Abstract: In this talk, I will give a brief account the ideas of Gauss that led him to the Theorema Egregium, "Remarkable Theorem." I will then illustrate how Riemann looked upon these ideas as a seed which has now grown into the fruitful area known today as Riemannian geometry.
- Two Parameter Families of Kernel Functions
Speaker: Casey Bylund (USF)
Wednesday, September 12, 2012
Casey presented work she did as part of a Research Experience for Undergraduates (REU) over the summer of 2012.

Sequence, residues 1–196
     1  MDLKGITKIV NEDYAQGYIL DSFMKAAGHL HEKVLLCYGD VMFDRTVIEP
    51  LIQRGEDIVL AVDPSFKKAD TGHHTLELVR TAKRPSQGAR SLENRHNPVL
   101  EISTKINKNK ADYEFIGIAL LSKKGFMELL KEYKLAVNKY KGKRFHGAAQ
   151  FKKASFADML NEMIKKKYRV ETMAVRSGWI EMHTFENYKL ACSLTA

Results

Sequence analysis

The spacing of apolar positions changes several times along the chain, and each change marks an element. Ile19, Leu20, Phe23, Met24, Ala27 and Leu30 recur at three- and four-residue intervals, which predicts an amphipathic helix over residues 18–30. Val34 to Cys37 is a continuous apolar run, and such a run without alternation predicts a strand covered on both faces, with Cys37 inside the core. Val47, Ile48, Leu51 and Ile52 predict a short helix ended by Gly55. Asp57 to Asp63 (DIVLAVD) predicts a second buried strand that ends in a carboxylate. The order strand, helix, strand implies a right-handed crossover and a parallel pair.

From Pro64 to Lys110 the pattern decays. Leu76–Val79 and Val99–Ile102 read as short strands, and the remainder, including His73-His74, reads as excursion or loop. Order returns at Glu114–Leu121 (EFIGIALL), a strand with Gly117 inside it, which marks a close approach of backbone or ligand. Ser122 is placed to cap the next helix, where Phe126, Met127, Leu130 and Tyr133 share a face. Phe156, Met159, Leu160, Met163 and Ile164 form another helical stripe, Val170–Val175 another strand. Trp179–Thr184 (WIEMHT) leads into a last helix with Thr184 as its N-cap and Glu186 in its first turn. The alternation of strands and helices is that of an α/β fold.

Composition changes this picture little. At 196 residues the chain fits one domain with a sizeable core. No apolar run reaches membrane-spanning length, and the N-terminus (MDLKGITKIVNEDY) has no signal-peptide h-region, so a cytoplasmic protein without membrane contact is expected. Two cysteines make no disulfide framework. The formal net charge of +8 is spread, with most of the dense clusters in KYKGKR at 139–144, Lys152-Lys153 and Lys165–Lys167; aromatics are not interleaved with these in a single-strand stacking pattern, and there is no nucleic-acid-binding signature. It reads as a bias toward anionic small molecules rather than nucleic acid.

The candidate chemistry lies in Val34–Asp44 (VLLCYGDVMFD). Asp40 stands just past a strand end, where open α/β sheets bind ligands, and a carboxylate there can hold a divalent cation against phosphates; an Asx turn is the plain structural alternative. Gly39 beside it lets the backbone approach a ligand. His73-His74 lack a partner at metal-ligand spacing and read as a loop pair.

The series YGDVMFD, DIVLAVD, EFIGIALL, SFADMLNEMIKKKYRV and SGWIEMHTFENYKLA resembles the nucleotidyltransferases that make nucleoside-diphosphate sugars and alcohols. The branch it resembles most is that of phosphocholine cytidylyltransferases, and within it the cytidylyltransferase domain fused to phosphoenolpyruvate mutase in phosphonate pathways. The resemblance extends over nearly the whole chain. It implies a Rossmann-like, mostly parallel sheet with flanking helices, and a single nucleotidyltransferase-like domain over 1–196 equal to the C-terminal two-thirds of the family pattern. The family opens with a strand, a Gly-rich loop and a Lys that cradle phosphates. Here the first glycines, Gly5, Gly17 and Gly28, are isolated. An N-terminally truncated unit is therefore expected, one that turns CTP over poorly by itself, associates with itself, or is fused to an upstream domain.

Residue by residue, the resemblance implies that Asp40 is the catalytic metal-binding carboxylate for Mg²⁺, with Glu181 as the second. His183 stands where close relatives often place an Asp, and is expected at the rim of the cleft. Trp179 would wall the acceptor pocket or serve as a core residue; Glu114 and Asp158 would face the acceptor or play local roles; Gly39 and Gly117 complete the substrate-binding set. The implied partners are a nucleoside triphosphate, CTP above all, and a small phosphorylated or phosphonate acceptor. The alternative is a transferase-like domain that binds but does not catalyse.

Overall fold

- Sampling of Operators
Speaker: Goetz Pfander (Jacobs University)
Wednesday, May 2, 2012
Abstract: Sampling and reconstruction of functions is a central tool in science. A key result is given by the classical sampling theorem for bandlimited functions. We describe a recently developed sampling theory for operators. Our findings use geometric properties of so-called Gabor systems in finite dimensions. We shall briefly discuss these systems and include remarks on their potential use in the area of compressed sensing. Students with basic knowledge of calculus and linear algebra should be able to follow large portions of the talk.
The Art Gallery Theorem
Speaker: Emille Lawrence
(University of San Francisco)
Wednesday, April 18, 2012Abstract: